Prof. Dr. Silja Graupe

Neoliberal Indoctrination in Economics

Do text books of economics in standardized university education use elements of indoctrination? That is the question Silja Graupe, vice president of Cusanus University and professor for Economics and Philosophy investigated. Her findings are alarming.

Cusanus Hochschule
Prof. Dr. Silja Graupe

Prof. Graupe analyzed textbooks that are used around the world, translated into over 40 languages with millions of copies sold. That fact by itself seems to me entirely absurd. In my university education none of the subjects I studied had any bible-like textbooks. Humanities, social and cultural sciences prepare students to think critically, rather than to obey knowledge as ultimate truth. Not so in economics – today’s leading “science”. The textbooks under investigation: “Economics” by Paul A. Samuelson and William d. Nordhaus, “Economics” by Gregor Mankiew, “Grundzüge der Mikroökonomik” by Hal R. Varian, and “Mikroökonomie” by Pindyk/Rubinfeld.

Neoliberal Indoctrination in Economics Textbooks

According to Prof. Graupe’s research these books use forms of persuasion that can fundamentally and subconsciously alter students’ worldviews. Needless to say: these forms of persuasion do not comply with the criteria of scientific-objective knowledge acquisition.

Manipulation takes place on an emotional, intuitive level. Textbooks use examples from students’ everyday life, like buying a scope of ice cream and mix them with a seemingly scientific mathematical approach to explain theories. In this setting of everyday life that involves students’ behavior (buying icecream) it becomes difficult to distinguish between ultimate truth and a theory that could be proven wrong at any time.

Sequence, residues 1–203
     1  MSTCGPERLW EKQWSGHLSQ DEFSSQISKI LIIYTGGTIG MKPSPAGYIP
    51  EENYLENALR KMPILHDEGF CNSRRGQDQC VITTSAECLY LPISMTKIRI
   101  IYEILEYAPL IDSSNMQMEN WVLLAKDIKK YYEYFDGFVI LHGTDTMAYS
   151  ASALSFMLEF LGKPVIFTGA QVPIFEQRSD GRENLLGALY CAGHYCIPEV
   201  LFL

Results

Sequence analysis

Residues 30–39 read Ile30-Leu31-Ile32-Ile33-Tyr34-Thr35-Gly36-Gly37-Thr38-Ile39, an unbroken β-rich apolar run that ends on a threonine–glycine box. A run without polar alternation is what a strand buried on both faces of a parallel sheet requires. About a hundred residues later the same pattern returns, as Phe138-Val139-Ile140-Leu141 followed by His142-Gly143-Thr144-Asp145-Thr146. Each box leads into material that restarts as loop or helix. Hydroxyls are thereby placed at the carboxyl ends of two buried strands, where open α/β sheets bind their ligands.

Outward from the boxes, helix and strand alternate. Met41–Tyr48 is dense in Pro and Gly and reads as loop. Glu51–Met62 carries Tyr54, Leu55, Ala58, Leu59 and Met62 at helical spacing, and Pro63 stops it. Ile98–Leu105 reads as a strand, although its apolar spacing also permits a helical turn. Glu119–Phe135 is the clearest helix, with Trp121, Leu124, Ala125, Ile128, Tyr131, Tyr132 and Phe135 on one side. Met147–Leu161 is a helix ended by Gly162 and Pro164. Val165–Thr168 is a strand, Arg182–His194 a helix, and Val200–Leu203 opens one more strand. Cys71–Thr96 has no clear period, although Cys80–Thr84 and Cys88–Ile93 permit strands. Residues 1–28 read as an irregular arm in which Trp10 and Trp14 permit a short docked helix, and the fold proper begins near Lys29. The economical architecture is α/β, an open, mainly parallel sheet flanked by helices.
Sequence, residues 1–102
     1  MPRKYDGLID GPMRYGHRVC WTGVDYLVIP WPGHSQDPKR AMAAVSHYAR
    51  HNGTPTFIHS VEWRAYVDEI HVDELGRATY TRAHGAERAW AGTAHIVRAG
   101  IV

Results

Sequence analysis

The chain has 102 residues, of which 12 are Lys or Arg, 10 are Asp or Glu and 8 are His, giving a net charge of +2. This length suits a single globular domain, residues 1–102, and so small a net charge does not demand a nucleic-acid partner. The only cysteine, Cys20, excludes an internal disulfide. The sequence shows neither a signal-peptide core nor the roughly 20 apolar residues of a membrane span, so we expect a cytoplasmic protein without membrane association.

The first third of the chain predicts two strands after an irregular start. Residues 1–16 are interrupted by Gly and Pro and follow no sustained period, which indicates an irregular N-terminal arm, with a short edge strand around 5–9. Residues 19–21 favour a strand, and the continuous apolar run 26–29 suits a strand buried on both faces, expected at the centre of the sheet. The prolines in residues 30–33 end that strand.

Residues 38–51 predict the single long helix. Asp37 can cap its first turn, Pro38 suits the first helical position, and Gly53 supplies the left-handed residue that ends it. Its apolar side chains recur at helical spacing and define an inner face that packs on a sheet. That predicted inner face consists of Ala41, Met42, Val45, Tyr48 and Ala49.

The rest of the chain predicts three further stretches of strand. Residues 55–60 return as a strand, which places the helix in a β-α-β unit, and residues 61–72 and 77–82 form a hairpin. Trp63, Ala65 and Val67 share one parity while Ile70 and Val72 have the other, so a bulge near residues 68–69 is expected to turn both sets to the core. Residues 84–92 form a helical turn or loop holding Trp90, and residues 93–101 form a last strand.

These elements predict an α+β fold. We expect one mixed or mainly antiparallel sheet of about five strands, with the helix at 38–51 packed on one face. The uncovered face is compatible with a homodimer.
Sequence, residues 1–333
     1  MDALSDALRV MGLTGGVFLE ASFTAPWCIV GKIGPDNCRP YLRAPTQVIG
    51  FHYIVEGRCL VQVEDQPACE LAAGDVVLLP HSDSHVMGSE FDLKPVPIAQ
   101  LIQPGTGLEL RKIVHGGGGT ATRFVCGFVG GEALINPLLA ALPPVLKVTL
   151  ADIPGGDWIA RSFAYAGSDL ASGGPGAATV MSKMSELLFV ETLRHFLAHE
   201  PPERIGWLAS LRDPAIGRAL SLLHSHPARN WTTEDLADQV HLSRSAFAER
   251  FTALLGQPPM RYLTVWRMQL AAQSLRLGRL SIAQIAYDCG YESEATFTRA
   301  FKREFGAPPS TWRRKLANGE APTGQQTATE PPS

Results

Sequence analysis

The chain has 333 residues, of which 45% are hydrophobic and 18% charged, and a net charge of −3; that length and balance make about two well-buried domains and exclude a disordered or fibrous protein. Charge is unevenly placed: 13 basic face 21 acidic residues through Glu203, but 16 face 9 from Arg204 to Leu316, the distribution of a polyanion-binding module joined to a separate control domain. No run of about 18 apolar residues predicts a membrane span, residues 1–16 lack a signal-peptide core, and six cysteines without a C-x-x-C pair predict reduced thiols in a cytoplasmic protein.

Economics – Science or Religion?

More interesting facts: Since 1989 textbooks have not been using the term “state” anymore. They rather speak of “markets”. But what exactly are markets? None of the textbooks discusses that politics today take on a role that caters to the needs of corporations and economics like a willing servant, rather than to the needs of .

Still today textbooks use the term “invisible hand” which was used in the 18th century to describe inexplicable phenomena. Adam Smith

Alternatives to neo-liberalism
Reshaping Economics at Evangelische Akademie Tutzing

was probably the first to use it in the economic context in his book Wealth of Nations (1776). It described an unobservable market force that helps the demand and supply of goods in a free market to reach equilibrium automatically.  By now, science should have advanced explanations of market mechanisms, one might think. Fact is: text books still use this mystic metaphor . And if economics is based on sets of believes rather than scientific research, to me it seems quite logical to refer to it as a religion rather than a field of science.